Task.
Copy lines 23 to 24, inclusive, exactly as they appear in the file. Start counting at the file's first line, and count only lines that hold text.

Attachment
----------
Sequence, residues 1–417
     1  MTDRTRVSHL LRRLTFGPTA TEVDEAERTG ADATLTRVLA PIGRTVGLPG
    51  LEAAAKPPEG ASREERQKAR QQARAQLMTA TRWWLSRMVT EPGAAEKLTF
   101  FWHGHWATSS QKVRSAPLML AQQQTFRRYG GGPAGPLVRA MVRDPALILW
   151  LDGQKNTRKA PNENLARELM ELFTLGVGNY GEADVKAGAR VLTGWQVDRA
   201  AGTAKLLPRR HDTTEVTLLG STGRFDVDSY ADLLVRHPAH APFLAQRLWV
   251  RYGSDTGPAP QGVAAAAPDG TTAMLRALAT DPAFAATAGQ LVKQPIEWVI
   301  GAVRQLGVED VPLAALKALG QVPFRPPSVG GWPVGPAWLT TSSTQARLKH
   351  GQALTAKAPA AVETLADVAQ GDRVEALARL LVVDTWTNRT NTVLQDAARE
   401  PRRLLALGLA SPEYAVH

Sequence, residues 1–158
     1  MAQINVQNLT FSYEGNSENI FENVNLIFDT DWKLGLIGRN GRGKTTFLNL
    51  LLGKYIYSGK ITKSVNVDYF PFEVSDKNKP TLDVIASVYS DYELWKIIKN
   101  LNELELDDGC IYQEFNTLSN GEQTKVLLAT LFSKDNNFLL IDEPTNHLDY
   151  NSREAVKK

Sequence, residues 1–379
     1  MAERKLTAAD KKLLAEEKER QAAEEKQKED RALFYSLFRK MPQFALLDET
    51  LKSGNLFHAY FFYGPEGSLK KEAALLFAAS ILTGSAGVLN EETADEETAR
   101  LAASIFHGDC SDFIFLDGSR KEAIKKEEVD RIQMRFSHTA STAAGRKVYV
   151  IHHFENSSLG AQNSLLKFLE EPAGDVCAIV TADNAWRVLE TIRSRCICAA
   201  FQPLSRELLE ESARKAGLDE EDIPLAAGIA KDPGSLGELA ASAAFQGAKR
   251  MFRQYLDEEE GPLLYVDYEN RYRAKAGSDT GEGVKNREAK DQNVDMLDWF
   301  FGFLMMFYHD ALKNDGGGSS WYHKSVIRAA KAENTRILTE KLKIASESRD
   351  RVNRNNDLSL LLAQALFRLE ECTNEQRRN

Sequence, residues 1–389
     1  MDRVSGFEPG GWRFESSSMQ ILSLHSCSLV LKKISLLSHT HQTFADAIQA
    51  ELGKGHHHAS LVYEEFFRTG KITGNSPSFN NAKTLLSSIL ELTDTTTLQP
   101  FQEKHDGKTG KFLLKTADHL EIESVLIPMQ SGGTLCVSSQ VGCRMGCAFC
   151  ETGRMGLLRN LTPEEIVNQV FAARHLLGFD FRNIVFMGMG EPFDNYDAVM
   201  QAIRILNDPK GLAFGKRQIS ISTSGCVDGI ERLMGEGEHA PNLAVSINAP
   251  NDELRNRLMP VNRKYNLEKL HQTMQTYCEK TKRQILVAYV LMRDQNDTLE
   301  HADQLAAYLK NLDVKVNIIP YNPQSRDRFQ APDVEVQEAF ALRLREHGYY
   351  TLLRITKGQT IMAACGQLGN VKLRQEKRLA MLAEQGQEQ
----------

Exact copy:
   301  FGFLMMFYHD ALKNDGGGSS WYHKSVIRAA KAENTRILTE KLKIASESRD
   351  RVNRNNDLSL LLAQALFRLE ECTNEQRRN